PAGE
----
Reference : How much ‚general language proficiency’ is there in different language tests?
Scientific congresses, symposiums and conference proceedings : Unpublished conference
Social & behavioral sciences, psychology : Education & instruction
Arts & humanities : Languages & linguistics
How much ‚general language proficiency’ is there in different language tests?
Reichert, Monique mailto [University of Luxembourg > Faculty of Language and Literature, Humanities, Arts and Education (FLSHASE) > Luxembourg Centre for Educational Testing (LUCET) >]
Language Testing Forum 2015: Assessing general language proficiency: definitions and approaches
20th to 22nd November 2015
British Council; University of Oxford, Department of Education
University of Oxford
United Kingdom
[en] general language proficiency ; language testing ; C-Test ; structural equation modeling ; construct validity
[en] The current research addresses the seemingly contradiction between the assumption that language proficiency as considered by language testing researchers is multi-dimensional on the one hand, and the multiple findings of C‑tests loading on a single “general language proficiency” (GLP) factor on the other hand. Research on the structure of language proficiency and in psycholinguistics suggests that GLP may best be represented as the common core across diverse language measures. In the present research, it is hypothesized that C‑tests are excellent measures of this common core. In contrast, other language measures, beyond putting demands on GLP, are assumed to tap unique processes, explaining why multi-dimensionality often best reflects the structure of language measures. These hypotheses are addressed by examining structural equation models that evaluate alternative assumptions about the dimensionality of language proficiency in general, and the construct validity of C-tests in particular. 222 students from the highest school track in Luxembourg completed a French C‑test, as well as the Test de Connaissance du Français (TCF), encompassing measures of reading, listening, speaking and writing. The findings point out that the four TCF measures put extra demands on unique processes, whereas the C-test measured GLP only. We conclude that using the term “general language proficiency” to express what C-tests measure, risks insinuating that C-tests also assess other aspects of language proficiency. However, C-tests should not be expected to replace other language measures when a clear diagnostic of language proficiency in particular domains is needed.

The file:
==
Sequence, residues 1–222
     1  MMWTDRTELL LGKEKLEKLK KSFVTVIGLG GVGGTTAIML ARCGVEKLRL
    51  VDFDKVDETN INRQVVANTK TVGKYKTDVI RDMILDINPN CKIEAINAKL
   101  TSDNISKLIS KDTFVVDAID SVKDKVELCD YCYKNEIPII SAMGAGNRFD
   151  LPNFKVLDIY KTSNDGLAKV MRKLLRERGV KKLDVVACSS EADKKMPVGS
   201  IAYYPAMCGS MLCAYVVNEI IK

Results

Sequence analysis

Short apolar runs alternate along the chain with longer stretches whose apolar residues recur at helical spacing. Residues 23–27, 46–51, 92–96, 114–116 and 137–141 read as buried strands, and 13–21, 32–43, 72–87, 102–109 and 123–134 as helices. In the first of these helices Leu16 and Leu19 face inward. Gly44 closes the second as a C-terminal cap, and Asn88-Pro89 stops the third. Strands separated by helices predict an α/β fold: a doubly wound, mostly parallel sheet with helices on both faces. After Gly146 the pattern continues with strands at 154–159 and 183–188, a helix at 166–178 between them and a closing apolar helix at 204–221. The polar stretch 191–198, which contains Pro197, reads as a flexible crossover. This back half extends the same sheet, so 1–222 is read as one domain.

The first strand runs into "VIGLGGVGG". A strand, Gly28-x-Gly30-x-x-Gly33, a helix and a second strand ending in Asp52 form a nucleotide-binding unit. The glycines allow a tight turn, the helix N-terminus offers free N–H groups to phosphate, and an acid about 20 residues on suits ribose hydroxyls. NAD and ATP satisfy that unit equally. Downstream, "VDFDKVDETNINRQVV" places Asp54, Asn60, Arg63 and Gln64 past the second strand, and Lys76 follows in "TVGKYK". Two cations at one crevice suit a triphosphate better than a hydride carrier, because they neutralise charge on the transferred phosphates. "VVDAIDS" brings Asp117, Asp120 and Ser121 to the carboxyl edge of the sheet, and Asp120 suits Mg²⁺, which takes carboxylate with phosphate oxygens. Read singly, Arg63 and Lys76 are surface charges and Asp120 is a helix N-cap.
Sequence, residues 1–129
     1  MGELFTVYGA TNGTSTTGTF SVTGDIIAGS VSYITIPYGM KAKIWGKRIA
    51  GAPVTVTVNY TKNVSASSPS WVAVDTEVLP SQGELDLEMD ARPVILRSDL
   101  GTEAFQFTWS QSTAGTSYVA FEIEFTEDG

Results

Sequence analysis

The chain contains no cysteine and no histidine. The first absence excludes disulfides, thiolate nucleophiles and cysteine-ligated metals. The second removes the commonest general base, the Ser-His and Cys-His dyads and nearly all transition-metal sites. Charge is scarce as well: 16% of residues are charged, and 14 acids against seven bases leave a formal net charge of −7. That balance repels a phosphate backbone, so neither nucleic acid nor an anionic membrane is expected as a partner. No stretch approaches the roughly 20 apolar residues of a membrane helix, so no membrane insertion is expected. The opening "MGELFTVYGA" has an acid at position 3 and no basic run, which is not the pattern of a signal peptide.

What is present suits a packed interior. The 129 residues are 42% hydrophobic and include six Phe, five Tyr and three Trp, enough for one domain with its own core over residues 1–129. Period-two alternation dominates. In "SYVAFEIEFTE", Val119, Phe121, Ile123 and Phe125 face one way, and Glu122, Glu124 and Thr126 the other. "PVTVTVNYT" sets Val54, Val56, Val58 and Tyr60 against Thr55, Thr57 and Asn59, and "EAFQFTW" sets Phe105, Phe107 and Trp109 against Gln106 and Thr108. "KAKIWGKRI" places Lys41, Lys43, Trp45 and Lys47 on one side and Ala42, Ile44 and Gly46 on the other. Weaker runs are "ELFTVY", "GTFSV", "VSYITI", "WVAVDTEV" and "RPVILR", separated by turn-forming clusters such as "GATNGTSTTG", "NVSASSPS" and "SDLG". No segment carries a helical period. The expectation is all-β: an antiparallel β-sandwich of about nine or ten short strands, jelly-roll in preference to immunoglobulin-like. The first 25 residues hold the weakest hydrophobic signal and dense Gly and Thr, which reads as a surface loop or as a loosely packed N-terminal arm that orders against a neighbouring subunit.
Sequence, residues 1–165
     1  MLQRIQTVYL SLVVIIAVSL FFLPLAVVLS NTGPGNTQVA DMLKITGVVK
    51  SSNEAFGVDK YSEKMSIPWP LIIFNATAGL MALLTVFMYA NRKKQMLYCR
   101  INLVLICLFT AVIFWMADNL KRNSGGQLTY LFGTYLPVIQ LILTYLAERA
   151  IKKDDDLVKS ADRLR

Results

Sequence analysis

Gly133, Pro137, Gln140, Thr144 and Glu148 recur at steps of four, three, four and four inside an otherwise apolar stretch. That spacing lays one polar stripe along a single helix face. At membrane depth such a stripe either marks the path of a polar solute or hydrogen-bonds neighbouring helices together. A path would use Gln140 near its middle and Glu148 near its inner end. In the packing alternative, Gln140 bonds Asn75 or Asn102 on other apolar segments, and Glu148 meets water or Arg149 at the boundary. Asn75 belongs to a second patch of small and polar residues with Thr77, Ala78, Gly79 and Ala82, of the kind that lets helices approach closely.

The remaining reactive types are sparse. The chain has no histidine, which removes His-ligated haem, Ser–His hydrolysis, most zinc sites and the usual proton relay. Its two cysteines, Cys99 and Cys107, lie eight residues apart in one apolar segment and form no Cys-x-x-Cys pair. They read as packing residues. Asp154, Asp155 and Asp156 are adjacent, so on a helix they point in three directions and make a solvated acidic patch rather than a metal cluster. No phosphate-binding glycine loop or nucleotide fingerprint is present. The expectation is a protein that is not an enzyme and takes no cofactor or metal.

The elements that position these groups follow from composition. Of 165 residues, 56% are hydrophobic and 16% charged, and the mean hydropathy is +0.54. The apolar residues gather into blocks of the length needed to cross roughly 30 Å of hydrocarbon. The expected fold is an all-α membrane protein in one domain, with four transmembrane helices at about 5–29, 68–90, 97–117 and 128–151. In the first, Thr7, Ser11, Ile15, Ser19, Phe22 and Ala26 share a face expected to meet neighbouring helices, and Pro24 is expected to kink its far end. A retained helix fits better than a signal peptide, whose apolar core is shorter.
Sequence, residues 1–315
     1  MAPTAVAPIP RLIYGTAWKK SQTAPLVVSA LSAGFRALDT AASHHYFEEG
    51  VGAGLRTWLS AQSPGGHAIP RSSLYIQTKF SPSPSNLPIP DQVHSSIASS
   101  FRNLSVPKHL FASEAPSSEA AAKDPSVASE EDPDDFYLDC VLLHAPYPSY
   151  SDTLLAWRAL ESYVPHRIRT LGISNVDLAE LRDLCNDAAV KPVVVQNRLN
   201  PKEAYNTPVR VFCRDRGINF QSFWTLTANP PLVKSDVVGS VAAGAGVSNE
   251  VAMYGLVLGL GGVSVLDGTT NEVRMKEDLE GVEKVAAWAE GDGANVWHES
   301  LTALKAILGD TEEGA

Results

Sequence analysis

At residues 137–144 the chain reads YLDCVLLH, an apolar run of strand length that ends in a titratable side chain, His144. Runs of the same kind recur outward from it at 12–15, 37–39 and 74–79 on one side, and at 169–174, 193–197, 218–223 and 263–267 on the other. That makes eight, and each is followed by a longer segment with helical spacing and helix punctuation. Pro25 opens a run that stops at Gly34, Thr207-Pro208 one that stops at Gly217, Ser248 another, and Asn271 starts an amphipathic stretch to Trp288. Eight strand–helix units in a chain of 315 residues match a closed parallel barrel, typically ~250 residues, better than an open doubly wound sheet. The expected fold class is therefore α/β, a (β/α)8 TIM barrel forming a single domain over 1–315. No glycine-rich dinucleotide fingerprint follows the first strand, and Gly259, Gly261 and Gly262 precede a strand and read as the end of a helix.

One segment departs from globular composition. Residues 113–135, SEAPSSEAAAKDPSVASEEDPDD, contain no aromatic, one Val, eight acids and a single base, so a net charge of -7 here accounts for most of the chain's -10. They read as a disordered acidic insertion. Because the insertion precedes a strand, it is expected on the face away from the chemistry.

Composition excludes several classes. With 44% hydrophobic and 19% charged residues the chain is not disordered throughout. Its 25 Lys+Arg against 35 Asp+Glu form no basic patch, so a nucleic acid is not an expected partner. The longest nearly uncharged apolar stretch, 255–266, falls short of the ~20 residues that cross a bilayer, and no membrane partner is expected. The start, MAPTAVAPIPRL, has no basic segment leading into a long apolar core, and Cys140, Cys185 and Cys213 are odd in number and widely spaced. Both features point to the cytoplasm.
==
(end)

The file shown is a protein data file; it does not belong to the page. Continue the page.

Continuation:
Researchers ; Professionals

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